Would many younger and fitter people take to bicycles, to get to their jobs and/or places of study?

    Would all these working people determined to get to their places of employment, keep the supply chains operating?

    Or, would would all these people just sit at home, only leaving the house to riot and loot?

    Would society collapse?

    Or, after a short period of dislocation would industry and the economy, be transformed?

    Thinking this as I sat at the lights, as they changed to green. Witnessing all my fellow commuters, stopping to let me by, all patiently waiting to take their turn to go, all as seriously dedicated to getting to work on time as myself. As I put my foot down, I felt a surge of optimism to match my rev counter.

    • Chuck 8.1

      “What would happen if the oil companies stopped drilling oil? What if the oil tankers stopped coming to Marsden Point?”

      The original Mad Max movie might give you a peep into that future 🙂

      No oil = back to the stone age. We could not manufacture EV vehicles / or maintain and repair existing infrastructure.

      • Sacha 8.1.1

        Even the roads themselves are made from oil.

        • KJT

          The Romans made roads rather well without oil. Seem to last longer, also.

          • Sacha

            Donkeys cause less damage than trucks.

            • McFlock

              ISTR the autobahns are largely cement.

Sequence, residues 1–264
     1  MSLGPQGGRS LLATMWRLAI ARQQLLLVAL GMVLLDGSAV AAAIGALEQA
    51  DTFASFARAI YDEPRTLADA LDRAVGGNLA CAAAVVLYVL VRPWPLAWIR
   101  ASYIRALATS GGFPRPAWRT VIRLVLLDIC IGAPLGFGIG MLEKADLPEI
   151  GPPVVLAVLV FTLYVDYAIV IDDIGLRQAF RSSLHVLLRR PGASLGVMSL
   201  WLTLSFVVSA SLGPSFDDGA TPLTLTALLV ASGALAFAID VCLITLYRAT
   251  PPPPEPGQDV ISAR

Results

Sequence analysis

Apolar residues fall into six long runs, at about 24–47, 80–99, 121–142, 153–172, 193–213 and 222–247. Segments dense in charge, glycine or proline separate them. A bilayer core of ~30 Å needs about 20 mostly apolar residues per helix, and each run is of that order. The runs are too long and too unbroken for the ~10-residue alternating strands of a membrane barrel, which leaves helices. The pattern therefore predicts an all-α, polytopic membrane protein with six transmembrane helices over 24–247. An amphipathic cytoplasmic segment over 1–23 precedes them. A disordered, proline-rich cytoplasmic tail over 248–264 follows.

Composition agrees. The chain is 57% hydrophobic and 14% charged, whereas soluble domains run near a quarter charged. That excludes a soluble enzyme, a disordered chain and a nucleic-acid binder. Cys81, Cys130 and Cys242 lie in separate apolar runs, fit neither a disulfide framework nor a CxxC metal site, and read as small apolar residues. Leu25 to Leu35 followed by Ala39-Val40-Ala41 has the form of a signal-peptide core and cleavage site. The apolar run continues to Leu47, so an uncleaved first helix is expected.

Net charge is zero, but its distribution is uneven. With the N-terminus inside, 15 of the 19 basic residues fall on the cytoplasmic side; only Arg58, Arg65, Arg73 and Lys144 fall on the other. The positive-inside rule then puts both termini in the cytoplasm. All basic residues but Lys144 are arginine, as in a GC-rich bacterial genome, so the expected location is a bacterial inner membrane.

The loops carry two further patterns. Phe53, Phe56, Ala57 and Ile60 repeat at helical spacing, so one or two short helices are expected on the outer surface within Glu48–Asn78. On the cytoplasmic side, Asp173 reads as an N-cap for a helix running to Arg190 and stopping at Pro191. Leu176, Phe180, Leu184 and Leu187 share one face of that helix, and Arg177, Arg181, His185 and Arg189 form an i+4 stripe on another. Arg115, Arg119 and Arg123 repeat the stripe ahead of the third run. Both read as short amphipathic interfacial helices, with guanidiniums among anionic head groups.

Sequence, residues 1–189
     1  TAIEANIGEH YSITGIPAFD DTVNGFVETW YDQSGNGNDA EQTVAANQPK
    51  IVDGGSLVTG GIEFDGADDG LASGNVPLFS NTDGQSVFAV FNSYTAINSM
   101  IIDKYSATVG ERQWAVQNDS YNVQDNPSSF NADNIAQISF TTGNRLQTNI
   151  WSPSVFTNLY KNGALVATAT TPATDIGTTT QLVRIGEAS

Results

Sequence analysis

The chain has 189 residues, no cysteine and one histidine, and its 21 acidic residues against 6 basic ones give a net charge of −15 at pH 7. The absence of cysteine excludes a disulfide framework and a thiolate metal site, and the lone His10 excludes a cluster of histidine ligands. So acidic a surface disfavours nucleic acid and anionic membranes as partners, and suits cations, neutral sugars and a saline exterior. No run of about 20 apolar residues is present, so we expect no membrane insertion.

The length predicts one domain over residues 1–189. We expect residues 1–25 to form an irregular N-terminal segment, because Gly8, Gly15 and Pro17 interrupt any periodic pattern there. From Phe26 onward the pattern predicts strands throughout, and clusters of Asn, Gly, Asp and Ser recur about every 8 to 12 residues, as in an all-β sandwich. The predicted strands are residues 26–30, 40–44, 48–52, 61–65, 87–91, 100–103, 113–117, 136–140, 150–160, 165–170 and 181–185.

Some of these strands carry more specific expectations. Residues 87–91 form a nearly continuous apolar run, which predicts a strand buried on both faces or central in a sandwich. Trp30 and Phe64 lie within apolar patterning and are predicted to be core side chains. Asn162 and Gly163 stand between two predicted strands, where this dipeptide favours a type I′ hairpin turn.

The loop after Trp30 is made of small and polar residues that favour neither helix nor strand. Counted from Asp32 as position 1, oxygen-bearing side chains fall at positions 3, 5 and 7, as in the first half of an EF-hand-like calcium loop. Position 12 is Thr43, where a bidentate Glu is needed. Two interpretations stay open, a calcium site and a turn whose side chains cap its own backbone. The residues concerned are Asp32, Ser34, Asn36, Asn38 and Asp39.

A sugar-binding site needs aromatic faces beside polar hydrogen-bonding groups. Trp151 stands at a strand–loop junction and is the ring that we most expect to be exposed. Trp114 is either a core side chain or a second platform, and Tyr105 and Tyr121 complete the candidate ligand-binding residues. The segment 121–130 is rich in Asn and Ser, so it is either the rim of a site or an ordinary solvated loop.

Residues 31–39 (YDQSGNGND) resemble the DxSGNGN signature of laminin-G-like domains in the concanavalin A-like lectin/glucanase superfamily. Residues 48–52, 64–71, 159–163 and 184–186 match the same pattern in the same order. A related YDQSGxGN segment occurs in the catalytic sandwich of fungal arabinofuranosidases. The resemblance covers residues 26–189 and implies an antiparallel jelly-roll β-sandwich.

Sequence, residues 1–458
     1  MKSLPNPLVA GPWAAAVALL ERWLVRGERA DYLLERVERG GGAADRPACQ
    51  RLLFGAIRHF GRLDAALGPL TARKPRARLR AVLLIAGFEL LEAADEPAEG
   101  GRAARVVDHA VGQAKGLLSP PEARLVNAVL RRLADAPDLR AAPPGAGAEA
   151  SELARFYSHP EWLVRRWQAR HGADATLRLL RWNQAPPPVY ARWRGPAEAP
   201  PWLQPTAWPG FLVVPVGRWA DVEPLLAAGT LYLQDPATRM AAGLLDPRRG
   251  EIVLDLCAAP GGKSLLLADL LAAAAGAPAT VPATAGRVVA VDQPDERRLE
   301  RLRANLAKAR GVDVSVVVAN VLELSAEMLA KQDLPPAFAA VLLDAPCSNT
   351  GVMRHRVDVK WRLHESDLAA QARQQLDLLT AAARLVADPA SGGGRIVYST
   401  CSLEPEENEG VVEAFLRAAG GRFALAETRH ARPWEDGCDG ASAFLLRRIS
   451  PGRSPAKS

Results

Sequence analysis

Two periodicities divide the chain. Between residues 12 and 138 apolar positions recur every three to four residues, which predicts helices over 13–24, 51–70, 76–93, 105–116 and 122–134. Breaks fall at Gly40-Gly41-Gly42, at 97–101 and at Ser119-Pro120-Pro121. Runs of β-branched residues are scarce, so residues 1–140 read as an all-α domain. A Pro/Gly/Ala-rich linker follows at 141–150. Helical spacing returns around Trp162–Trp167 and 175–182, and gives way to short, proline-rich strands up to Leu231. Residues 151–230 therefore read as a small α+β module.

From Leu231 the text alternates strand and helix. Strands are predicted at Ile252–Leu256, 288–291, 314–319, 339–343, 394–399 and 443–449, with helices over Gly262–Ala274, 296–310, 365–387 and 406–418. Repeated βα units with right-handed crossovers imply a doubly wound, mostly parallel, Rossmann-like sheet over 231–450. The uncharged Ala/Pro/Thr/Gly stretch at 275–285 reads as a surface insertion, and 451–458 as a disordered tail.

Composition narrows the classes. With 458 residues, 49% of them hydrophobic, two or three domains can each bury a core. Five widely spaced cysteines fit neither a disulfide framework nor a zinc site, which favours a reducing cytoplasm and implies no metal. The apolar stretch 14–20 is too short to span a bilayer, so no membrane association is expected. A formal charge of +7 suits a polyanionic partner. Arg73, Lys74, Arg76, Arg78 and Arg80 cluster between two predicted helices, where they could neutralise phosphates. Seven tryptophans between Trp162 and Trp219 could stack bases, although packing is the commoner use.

And there’s rail.

              Oil is used so much not because it’s the only way to do things, but because it’s the easiest way to do things. We can make hydrocarbons, crack them into fuels like octane or join them into plastic polymers of immensely long carbon chains. It just takes less effort to do it using oil as a starting point, rather than anything else. Without oil, it might be cheaper to use tin, glass, or paper rather than plastic, but plastics will still be available.

              I sometimes think that the easier advances drive us forward, but then we stagnate for a bit because we didn’t put much work into the alternatives and now we’ve taken that tech as far as it goes. When they stop working, like oil or antibiotics, more resources go into developing the alternatives that we ignored, but there’s still a development gap. And if that gap happens at the wrong time, it might be like stalling a car on a railway crossing.

          • Draco T Bastard

            And Rome still collapsed.

      • SaveNZ 8.1.2

        Makes even more sense now we are in peak oil, and with climate change, not to waste oil but to instead make everything else possible renewable such as transport and power and stop using plastic for everything and save the oil for where we have nothing else.

        Also another benefit of electric transport is that is quieter, easier to fix as they have thousands of fewer parts, less pollution, soon will be cheaper…

      • cleangreen 8.1.3

        Like Jenny said
        ” Necessity is the mother of invention”

        Perhaps we may get smart and plan our lives around us rather than travelling 2 hours to work as a lady said from Northland yesterday.

        When I grew up in Napier in the 1950’s we used to notice that workplaces were close by then, and now people have to drive long distances today to get to a job.

        We went wrong somewhere.

      • Jenny 8.1.4

        Chuck 8.1
        14 October 2018 at 9:17 am
        “What would happen if the oil companies stopped drilling oil? What if the oil tankers stopped coming to Marsden Point?”

        The original Mad Max movie might give you a peep into that future 🙂

        Hi Chuck, Yes, I think I saw that documentary.

  8. Jenny 9

    National; The people’s champion?

    As polls show that a big majority of Kiwis want the government to take action to avert climate change.